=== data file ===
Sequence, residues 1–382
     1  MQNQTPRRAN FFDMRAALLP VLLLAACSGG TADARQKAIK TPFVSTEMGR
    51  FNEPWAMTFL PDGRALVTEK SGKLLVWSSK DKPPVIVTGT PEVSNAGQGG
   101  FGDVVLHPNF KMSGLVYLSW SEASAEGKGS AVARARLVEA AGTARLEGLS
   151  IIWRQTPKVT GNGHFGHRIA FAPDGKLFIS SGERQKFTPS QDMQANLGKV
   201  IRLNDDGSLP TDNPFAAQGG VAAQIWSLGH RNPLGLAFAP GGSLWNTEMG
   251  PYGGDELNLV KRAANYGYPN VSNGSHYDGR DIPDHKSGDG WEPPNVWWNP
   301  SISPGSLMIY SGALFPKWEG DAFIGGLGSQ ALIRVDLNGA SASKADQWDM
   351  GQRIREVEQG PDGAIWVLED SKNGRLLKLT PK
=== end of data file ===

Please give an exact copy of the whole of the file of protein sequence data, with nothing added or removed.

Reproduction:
Sequence, residues 1–382
     1  MQNQTPRRAN FFDMRAALLP VLLLAACSGG TADARQKAIK TPFVSTEMGR
    51  FNEPWAMTFL PDGRALVTEK SGKLLVWSSK DKPPVIVTGT PEVSNAGQGG
   101  FGDVVLHPNF KMSGLVYLSW SEASAEGKGS AVARARLVEA AGTARLEGLS
   151  IIWRQTPKVT GNGHFGHRIA FAPDGKLFIS SGERQKFTPS QDMQANLGKV
   201  IRLNDDGSLP TDNPFAAQGG VAAQIWSLGH RNPLGLAFAP GGSLWNTEMG
   251  PYGGDELNLV KRAANYGYPN VSNGSHYDGR DIPDHKSGDG WEPPNVWWNP
   301  SISPGSLMIY SGALFPKWEG DAFIGGLGSQ ALIRVDLNGA SASKADQWDM
   351  GQRIREVEQG PDGAIWVLED SKNGRLLKLT PK